SALT LAKE CITY — A family of five living in a tent. Women and children walking for miles to collect firewood and water. Waiting in lines for food, and cooking meals of beans and rice over a tire. Children crowding into schools where poorly trained teachers try to teach students of all ages at the same time, without books or other materials.
This is life in a refugee camp, and Utah residents had a chance to see it for themselves at the Sept. 27 “Forced to Flee” event put on by Catholic Community Services at Salt Lake City’s Gallivan Center.
Today more than 68 million people have been displaced by civil war and political unrest; of those, 22 million are in refugee camps throughout the world.
“As we speak, people are being forced to flee their home countries,” said Adan Batar, CCS’ director of immigration and refugee resettlement, at the press conference that preceded the Forced to Flee event.
Less than 1 percent of refugees are accepted for resettlement in countries throughout the world. In 2016, the United States resettled 85,000 refugees; for the next fiscal year the federal administration is calling for only 30,000 to be resettled.
In Utah, refugees who have been resettled include Batar, who with his family was the first Somali refugee resettled in the Beehive State; and Kossi Agabli, a refugee from Togo who was a physician in his country and who was among the guides at the Forced to Flee event.
Agabli and other guides spoke of life as refugees – fleeing violence, living in camps where there was only one doctor for 1,000 people, the uncertainty of waiting for resettlement.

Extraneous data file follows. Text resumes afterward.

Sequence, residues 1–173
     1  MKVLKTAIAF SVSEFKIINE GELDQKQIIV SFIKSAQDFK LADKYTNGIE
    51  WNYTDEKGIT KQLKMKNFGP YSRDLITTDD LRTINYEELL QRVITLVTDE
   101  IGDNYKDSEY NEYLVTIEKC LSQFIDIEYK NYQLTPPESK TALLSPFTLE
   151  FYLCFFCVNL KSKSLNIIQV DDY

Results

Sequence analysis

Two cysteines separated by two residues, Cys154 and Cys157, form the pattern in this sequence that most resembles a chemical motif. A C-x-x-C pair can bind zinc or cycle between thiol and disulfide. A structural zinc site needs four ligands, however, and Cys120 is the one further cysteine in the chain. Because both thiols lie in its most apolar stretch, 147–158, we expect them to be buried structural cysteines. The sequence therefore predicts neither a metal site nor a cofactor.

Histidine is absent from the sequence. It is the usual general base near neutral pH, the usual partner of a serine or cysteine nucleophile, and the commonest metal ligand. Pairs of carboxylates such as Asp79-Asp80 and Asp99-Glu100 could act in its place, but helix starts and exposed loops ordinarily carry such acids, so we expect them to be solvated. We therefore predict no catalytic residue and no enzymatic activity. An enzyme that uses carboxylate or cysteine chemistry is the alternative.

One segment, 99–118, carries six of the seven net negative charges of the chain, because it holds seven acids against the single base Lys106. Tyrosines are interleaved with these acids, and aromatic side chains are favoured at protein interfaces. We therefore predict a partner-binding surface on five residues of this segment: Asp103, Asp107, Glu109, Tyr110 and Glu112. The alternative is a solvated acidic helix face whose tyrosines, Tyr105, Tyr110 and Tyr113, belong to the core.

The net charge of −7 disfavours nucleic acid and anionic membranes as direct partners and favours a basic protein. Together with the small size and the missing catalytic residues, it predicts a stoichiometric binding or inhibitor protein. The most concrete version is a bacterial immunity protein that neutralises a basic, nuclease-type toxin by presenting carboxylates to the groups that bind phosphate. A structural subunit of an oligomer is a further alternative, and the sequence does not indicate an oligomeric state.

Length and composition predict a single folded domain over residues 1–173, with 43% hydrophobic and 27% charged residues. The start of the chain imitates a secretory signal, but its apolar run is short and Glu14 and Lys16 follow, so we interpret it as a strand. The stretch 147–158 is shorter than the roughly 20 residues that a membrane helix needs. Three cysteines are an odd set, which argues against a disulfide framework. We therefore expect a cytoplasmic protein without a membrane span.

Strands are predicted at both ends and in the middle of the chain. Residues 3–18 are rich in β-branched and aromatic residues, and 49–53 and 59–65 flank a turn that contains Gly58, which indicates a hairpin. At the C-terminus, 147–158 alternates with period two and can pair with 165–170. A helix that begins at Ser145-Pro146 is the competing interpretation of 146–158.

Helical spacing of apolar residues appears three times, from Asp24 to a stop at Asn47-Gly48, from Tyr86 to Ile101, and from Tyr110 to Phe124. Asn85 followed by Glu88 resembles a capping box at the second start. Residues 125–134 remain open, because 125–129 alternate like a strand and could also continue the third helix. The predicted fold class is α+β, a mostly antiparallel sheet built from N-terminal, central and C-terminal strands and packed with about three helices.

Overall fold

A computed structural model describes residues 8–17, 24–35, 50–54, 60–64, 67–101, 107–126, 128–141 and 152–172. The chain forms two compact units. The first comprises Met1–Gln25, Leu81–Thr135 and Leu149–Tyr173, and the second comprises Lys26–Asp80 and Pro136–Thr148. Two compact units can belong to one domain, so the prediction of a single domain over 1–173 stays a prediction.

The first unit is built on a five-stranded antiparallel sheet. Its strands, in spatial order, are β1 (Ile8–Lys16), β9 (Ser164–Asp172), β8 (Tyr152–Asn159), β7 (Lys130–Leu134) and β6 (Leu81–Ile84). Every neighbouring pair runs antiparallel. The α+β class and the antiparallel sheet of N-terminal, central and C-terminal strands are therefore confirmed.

“It really does choke me up, when you talk about ‘forced to flee.’ Nobody in this world should be forced to flee their home where maybe their families have been there for generations,” Pamela Atkinson, a member of the state’s Refugee Advisory Board and herself an immigrant from England, said at the press conference.
Gov. Gary Herbert will be writing a letter to President Donald Trump to request that more refugees be admitted to the U.S., Atkinson said.
“Welcoming refugees and immigrants is a part of the Catholic tradition,” said Bishop Oscar A. Solis at the press conference. “It is a fundamental element of Catholic Social Teaching of the Church. It is something that is ingrained in our nature in order to love our neighbors, to consider everybody as our brothers and sisters and to treat each one – irrespective of our diversity and differences – as equal in the sight of God and equal in the sight of our society.”
About 230 people attended the event, learning from former refugees and CCS staff about life in a camp.
“The most feedback I got was how informative it was,” said Danielle Stamos, CCS director of public relations and marketing. She added that plans are to make it an annual event, with the next one scheduled for June 2019.
Bishop Solis, who immigrated to the U. S. from the Philippines, had to wait 15 years before he was granted citizenship. However, after going through the exhibit, he said, “I was so blessed compared to the harrowing experiences these refugees have to go through.”
He added, “I cannot imagine the life [in a refugee camp]. It makes me more convinced and certain in my resolve to do the best I can to provide hospitality, compassion and mercy to those people in need.”